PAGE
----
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Title: No free lunch: Observations on seed predation, cone collection, and controlled germination of whitebark pine from the Canadian Rockies

Author: Leslie, Adrian; Wilson, Brendan;

Date: 2011

Source: In: Keane, Robert E.; Tomback, Diana F.; Murray, Michael P.; Smith, Cyndi M., eds. The future of high-elevation, five-needle white pines in Western North America: Proceedings of the High Five Symposium. 28-30 June 2010; Missoula, MT. Proceedings RMRS-P-63. Fort Collins, CO: U.S. Department of Agriculture, Forest Service, Rocky Mountain Research Station. p. 348-354.

Publication Series: Proceedings (P)

   Note: This article is part of a larger document. View the larger document

Description: Whitebark pine is a keystone species of high elevation forests in western North America that is experiencing rapid decline due to fire exclusion policies, mountain pine beetle, and the introduced pathogen, white pine blister rust. Restoration activities include collecting cones and growing seedlings from individuals that show mechanisms for resistance to blister rust infections. Collecting viable whitebark pine seeds is challenging due to high rates of cone harvest by wildlife prior to seed maturation. This has led to the practice of placing protective coverings over the cones early in the summer, and then collecting them when they fully mature in September. We investigate if the added time, expense, and complications of using protective coverings over cone bearing branches are required for the collection of viable whitebark pine seeds. Aside from anecdotal sources, there appears to be no quantitative information demonstrating this is necessary. We determined the optimal time for cone collection by comparing the timing of seed development and germination rates compared to the timing of seed harvest by wildlife in a stand in Banff National Park, in the northern region of its range. Results clearly indicate that in to collect viable seeds from whitebark pine, protective coverings must be put over unripe cones so that collections can be made at any time from late August to late September.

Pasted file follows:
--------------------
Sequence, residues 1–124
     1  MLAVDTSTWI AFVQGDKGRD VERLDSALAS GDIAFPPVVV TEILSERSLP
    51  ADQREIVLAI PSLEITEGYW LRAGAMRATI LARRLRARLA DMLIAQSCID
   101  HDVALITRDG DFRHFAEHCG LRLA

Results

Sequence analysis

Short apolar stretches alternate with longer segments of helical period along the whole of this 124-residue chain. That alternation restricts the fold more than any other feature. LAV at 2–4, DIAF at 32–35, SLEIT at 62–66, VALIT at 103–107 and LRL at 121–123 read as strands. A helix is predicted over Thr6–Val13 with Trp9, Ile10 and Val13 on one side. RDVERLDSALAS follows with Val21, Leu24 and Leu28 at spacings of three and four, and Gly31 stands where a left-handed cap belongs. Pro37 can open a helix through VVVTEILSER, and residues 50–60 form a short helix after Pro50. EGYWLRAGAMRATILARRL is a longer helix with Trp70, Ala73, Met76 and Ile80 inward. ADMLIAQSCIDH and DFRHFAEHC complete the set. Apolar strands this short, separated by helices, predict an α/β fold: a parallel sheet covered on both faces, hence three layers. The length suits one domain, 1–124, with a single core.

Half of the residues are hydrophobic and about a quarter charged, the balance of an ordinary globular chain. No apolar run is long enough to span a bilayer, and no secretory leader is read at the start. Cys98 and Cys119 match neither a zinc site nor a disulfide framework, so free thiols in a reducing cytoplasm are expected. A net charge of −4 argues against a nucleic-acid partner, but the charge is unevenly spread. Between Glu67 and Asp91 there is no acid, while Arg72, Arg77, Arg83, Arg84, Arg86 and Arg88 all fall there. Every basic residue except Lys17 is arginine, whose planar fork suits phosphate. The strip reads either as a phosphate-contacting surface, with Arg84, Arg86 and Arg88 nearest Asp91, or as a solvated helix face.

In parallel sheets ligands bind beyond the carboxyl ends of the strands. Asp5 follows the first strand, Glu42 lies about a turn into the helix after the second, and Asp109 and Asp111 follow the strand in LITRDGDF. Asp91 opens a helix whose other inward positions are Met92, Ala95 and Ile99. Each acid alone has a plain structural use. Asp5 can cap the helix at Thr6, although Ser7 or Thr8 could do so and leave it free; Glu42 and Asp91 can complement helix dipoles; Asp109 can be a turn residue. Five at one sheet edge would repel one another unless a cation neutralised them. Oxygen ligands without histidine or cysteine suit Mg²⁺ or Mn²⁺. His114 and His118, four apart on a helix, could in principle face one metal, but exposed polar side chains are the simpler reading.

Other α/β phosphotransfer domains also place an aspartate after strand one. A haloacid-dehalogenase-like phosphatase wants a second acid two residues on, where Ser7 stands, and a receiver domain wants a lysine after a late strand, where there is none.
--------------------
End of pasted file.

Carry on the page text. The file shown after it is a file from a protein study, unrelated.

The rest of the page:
Keywords: high elevation five-needle pines, threats, whitebark, Pinus albicaulis, limber, Pinus flexilis, southwestern white, Pinus strobiformis, foxtail, Pinus balfouriana, Great Basin bristlecone, Pinus longaeva, Rocky Mountain bristlecone pine, Pinus aristata

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Leslie, Adrian; Wilson, Brendan. 2011. No free lunch: Observations on seed predation, cone collection, and controlled germination of whitebark pine from the Canadian Rockies. In: Keane, Robert E.; Tomback, Diana F.; Murray, Michael P.; Smith, Cyndi M., eds. The future of high-elevation, five-needle white pines in Western North America: Proceedings of the High Five Symposium. 28-30 June 2010; Missoula, MT. Proceedings RMRS-P-63. Fort Collins, CO: U.S. Department of Agriculture, Forest Service, Rocky Mountain Research Station. p. 348-354.

 


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